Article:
"Downtown Owl" an enjoyable, forgettable read
His novel has the same sharp qualities as his social criticism.
Oct. 09, 2008
Chuck Klosterman definitively claims The Beatles are the greatest band of all time. Admittedly, this is one of the least controversial statements you will read today. But Klosterman also cites The Beatles as ushering in the concept of pop music as a mass commodity. This makes sense knowing what we know about Klosterman. He is a cultural critic. And The Beatles were the epitome of a cultural movement. Also, he unabashedly loves pop music. And The Beatles wrote fantastic pop songs. But all these things have always pointed to the conclusion that The Beatles are the most important band of all time, not the best, largely because of this same concept of music as a mass commodity.
The Beatles pandemonium didn't start because they were Jeff Mangum. Don't get me wrong, their early stuff was good, but "I Want To Hold Your Hand" doesn't really need to be held under a microscope to seek out its meaning. It was what it was. Sure, songs like "I Am The Walrus" have been endlessly debated, and they wrote multi-layered pieces like "Tomorrow Never Knows" (which Klosterman coincidentally said, in "Killing Yourself To Live," would be his choice of Beatles song to kill himself to if he knew he could bleed to death in 2:56). But their sound is largely represented by three-minute simplistic pop songs that, much like Klosterman himself, have the ability to be euphorically enjoyable for those brief moments you're experiencing them, but don't require much further consideration.
This seemed logical for Klosterman's first few works. "Fargo Rock City" claimed to be a North Dakota Heavy Metal Odyssey and the book jacket of his breakthrough "Sex, Drugs and Cocoa Puffs" deemed it a low culture manifesto. He made a living out of making astute cultural observations that were simultaneously so simply logical you felt like you had already thought of something very close to that and so meticulously clever you knew you hadn't.
This same aptitude for detail is on full display in his first foray into fiction, "Downtown Owl," and the concept transitions impressively well. The novel is a basic look at small-town North Dakota life through the eyes of an old man, a young female teacher and a third-string high school quarterback. At times, it can feel like Klosterman got caught up in these details and observations, but even then they work well enough that they are partially charming.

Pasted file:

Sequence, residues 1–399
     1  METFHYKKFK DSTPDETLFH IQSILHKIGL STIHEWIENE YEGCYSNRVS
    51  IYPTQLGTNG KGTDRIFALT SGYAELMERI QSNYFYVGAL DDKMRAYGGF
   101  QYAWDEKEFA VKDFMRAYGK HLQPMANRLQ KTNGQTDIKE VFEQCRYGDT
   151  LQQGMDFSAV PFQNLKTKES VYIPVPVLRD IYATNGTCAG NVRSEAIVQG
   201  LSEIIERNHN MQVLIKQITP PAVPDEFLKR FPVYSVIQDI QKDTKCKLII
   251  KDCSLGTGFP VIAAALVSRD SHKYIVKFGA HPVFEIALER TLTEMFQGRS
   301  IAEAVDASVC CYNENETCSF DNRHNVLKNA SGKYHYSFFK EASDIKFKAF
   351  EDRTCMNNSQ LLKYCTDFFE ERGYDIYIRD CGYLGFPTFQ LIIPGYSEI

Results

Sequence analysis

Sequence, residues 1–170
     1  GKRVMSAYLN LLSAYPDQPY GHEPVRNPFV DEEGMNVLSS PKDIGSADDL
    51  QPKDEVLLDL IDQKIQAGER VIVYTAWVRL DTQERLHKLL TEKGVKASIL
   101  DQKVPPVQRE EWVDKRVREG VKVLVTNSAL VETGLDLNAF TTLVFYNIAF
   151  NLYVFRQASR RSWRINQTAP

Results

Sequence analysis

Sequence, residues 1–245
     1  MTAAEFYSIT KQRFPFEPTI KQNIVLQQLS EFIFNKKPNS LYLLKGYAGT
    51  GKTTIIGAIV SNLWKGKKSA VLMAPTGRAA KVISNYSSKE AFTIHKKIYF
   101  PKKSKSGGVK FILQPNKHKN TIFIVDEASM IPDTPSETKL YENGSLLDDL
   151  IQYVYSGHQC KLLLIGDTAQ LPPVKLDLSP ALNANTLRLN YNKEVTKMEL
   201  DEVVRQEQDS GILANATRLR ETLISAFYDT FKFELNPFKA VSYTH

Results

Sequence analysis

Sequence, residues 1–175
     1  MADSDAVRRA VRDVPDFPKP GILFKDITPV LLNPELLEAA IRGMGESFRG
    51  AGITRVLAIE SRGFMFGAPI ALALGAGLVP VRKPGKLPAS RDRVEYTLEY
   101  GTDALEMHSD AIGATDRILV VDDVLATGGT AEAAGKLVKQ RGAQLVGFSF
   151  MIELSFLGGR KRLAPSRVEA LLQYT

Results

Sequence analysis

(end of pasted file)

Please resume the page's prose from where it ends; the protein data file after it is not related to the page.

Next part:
For example, when describing six high school boys talking in a car, Klosterman writes, "There were multiple conversations happening at the same time, it was like an Altman film, although nobody inside the car had ever seen an Altman film (and four of them never would, mostly by choice)." This is certainly not a necessary detail, as the relevance of "Short Cuts" to small-town North Dakota is minimal at best. But details like these make Klosterman's writing - the details that say nothing and everything all at once, or some bullshit sentiment like that.
But outside of these details and the three-minute pop songs of each of the three revolving narrators, there isn't a great deal to take away from "Owl." The characters are strong, the atmosphere seems genuine and well done, and the fact that Klosterman's teenage protagonist "doesn't enjoy music" feels nearly Earth-shattering. The book was genuinely funny and compelling and painlessly enjoyable, but when the novel ends with the phrase "It was the greatest godamn night of his life," the euphoria wears off and you're already putting "I Want To Hold Your Hand" on your iPod and then not really thinking about anything at all in three minutes.